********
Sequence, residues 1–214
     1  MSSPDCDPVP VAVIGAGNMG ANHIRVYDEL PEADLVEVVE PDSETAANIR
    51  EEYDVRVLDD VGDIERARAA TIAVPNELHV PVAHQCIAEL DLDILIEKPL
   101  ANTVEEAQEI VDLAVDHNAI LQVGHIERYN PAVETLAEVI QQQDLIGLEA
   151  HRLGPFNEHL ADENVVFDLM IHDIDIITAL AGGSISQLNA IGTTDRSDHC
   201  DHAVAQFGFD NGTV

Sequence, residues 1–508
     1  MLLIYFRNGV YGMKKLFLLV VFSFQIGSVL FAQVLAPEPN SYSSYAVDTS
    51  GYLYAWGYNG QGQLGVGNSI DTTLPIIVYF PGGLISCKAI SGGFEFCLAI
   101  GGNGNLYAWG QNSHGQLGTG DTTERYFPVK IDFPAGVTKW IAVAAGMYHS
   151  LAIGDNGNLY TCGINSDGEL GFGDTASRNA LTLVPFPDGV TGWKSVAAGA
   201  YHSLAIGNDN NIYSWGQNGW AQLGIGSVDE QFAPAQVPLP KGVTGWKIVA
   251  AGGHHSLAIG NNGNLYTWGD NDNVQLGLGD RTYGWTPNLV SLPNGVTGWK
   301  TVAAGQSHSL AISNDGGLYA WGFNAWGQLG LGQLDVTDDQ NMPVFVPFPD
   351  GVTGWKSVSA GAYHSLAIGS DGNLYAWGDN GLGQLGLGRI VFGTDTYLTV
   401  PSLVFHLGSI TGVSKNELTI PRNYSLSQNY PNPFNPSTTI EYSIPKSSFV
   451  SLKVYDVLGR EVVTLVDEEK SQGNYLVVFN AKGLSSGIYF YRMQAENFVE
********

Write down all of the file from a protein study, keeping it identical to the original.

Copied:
Sequence, residues 1–214
     1  MSSPDCDPVP VAVIGAGNMG ANHIRVYDEL PEADLVEVVE PDSETAANIR
    51  EEYDVRVLDD VGDIERARAA TIAVPNELHV PVAHQCIAEL DLDILIEKPL
   101  ANTVEEAQEI VDLAVDHNAI LQVGHIERYN PAVETLAEVI QQQDLIGLEA
   151  HRLGPFNEHL ADENVVFDLM IHDIDIITAL AGGSISQLNA IGTTDRSDHC
   201  DHAVAQFGFD NGTV

Sequence, residues 1–508
     1  MLLIYFRNGV YGMKKLFLLV VFSFQIGSVL FAQVLAPEPN SYSSYAVDTS
    51  GYLYAWGYNG QGQLGVGNSI DTTLPIIVYF PGGLISCKAI SGGFEFCLAI
   101  GGNGNLYAWG QNSHGQLGTG DTTERYFPVK IDFPAGVTKW IAVAAGMYHS
   151  LAIGDNGNLY TCGINSDGEL GFGDTASRNA LTLVPFPDGV TGWKSVAAGA
   201  YHSLAIGNDN NIYSWGQNGW AQLGIGSVDE QFAPAQVPLP KGVTGWKIVA
   251  AGGHHSLAIG NNGNLYTWGD NDNVQLGLGD RTYGWTPNLV SLPNGVTGWK
   301  TVAAGQSHSL AISNDGGLYA WGFNAWGQLG LGQLDVTDDQ NMPVFVPFPD
   351  GVTGWKSVSA GAYHSLAIGS DGNLYAWGDN GLGQLGLGRI VFGTDTYLTV
   401  PSLVFHLGSI TGVSKNELTI PRNYSLSQNY PNPFNPSTTI EYSIPKSSFV
   451  SLKVYDVLGR EVVTLVDEEK SQGNYLVVFN AKGLSSGIYF YRMQAENFVE